OCEAN CITY – Due to a projected decline in room tax and gross room revenue for this year, the advertising budget for the town of Ocean City may have to be reduced once again for fiscal year 2010.
Ocean City Budget Manager Jennie Knapp briefed the Tourism Commission last week on the notion that she may have to reduce the advertising budget another $25,000 for 2010 based on the projected revenue brought in by the 4.5 percent room tax and the estimated gross room revenue for this year.
“Our advertising budget increased by about $2 million for 2009 to $3.7 million due to our new funding formula, which we are still very committed to keeping,” said Knapp, “but the projected revenue loss from the room tax and the gross room rates may force me to lower the budget by about $25,000 for FY 2010.”
Currently, the advertising budget is decided by using a formula, which takes the rates of 1.4 percent from July to December and 1.6 percent from January to June of the gross room revenue and sets the budget for the year.
The rates will increase .2 percent every year until they peak at 2 percent in 2011, according to Knapp. Despite the fact that room tax and gross room revenue is projected to be down for this year, the advertising budget for next year may actually go up, according to Knapp.
“At next year‘s rate of 1.6 percent and 1.8 percent, respectively, we anticipate the advertising budget for the town to be at $3.9 million, which is actually a 289,000 increase from 2009,” she said.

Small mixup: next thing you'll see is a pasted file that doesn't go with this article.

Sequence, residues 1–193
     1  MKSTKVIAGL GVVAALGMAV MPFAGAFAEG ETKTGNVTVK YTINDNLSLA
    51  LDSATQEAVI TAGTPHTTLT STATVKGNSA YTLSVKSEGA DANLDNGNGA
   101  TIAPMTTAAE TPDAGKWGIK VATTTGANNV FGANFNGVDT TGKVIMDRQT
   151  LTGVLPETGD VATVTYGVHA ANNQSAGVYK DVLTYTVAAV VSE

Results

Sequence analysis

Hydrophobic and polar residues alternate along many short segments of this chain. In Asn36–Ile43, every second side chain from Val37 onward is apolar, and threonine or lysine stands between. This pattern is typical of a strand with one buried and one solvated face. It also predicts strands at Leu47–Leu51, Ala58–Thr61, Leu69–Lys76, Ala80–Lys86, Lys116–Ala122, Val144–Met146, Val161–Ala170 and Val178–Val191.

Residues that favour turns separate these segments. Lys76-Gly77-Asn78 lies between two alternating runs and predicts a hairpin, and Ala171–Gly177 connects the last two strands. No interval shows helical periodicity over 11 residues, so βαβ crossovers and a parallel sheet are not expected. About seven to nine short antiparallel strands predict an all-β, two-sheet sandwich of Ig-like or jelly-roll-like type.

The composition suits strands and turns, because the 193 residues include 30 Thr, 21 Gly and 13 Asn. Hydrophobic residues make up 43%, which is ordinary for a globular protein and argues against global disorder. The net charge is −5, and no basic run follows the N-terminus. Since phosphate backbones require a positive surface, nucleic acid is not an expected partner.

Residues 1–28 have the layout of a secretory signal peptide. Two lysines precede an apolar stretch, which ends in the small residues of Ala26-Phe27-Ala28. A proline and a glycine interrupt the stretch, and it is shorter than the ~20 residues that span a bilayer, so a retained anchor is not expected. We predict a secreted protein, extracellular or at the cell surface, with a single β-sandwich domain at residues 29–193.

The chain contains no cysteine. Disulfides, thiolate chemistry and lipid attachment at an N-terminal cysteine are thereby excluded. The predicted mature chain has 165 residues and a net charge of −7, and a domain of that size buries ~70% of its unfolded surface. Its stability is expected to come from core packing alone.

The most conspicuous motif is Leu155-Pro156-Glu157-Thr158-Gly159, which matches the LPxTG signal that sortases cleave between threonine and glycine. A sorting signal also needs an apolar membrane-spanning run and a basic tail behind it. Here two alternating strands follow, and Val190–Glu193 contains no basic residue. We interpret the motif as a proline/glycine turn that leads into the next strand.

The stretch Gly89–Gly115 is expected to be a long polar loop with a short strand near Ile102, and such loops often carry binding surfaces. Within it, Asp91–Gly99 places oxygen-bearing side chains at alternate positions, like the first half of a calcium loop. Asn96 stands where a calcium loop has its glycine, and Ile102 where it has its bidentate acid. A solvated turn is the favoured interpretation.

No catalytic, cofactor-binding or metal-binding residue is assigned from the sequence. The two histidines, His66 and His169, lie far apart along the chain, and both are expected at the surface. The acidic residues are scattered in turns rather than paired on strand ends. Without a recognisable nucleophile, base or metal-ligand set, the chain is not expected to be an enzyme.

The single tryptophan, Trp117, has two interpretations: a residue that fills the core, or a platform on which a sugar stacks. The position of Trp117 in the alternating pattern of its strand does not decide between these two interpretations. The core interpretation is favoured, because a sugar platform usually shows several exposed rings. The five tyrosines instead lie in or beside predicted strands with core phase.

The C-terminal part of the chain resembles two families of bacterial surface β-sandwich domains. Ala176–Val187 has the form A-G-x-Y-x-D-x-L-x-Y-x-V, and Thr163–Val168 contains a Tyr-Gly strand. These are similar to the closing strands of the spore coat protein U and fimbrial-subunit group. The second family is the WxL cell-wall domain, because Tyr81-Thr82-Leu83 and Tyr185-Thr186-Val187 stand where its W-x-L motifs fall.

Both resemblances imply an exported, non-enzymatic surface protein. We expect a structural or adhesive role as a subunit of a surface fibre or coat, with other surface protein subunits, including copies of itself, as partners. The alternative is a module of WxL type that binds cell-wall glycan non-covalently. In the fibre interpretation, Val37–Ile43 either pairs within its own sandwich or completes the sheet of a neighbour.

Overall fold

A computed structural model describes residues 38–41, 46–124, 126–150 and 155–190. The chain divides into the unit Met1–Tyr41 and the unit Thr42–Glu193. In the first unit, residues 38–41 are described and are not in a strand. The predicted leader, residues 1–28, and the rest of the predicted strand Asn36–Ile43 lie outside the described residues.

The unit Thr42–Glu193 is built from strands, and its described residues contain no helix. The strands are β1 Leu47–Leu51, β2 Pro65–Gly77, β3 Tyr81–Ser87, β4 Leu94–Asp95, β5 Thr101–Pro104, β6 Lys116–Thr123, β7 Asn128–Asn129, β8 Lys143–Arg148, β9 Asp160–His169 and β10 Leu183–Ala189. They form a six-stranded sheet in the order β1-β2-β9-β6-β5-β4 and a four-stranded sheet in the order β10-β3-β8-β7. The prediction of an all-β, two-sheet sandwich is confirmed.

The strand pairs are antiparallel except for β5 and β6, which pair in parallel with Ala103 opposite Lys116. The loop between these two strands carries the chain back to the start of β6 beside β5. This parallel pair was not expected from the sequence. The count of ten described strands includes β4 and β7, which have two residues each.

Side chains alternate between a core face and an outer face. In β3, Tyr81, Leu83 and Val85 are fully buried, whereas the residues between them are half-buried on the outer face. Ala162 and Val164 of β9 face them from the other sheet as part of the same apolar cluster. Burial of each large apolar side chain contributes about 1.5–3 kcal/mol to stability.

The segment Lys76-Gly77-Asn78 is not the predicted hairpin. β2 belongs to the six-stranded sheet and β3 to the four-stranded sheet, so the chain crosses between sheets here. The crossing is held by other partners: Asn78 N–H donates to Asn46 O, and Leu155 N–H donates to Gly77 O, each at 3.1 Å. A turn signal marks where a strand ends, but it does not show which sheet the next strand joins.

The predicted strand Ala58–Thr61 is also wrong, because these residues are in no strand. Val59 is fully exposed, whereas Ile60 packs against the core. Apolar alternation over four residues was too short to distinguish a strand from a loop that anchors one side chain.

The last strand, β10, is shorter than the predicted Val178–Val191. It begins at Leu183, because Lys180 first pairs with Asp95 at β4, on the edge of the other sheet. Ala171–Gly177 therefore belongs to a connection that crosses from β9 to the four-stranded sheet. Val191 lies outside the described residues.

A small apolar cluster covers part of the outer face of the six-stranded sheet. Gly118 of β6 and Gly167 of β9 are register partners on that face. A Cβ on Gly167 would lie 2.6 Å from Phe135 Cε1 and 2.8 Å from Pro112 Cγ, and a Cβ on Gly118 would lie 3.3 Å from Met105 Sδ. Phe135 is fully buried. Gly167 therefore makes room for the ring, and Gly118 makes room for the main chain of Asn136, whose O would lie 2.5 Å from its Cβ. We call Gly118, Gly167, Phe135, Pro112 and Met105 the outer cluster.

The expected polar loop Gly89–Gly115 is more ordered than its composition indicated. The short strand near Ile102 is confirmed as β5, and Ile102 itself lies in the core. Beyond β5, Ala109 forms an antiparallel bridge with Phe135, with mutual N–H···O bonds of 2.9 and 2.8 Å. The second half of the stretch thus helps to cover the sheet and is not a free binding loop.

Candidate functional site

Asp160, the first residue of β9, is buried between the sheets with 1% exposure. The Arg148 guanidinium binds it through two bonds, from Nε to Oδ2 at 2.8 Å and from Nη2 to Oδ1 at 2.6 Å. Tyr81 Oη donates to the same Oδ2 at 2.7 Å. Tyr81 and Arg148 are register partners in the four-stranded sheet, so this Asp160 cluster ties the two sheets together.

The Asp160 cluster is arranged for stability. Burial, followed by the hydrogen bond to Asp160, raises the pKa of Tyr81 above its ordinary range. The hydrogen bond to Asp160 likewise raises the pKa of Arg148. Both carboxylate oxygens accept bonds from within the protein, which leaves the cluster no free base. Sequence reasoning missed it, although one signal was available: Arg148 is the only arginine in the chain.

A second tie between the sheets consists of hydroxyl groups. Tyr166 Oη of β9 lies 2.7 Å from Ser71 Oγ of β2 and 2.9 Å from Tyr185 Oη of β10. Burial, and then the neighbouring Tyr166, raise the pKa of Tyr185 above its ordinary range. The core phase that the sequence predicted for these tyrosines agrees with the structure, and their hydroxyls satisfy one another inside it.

The budget sees two amendments each year, and the 2009 advertising budget was already lowered $112,000 after Knapp calculated the room tax and gross room revenue numbers through the first four months of the fiscal year in October.
“We collect about 60 percent of it in the first four months of the fiscal year, and through October, room tax was down 3 percent at $280,000 and as a result I reduced the room tax estimate that we would collect for the fiscal year to $11.25 million, and the advertising budget from approximately $3.7 to $3.6 million.”
Knapp then explained that after calculating the numbers through December for the fiscal year, the 3-percent drop is actually a 3.6-percent drop and the additional $25,000 cut may need to be made from next year’s estimated budget.
“I have to look at the trends and the numbers, and though Ocean City tourism will have lower numbers this year by way of room tax and gross room revenue, the .2-percent raise in the formula each year will help us keep our advertising budget headed in the right direction,” she said.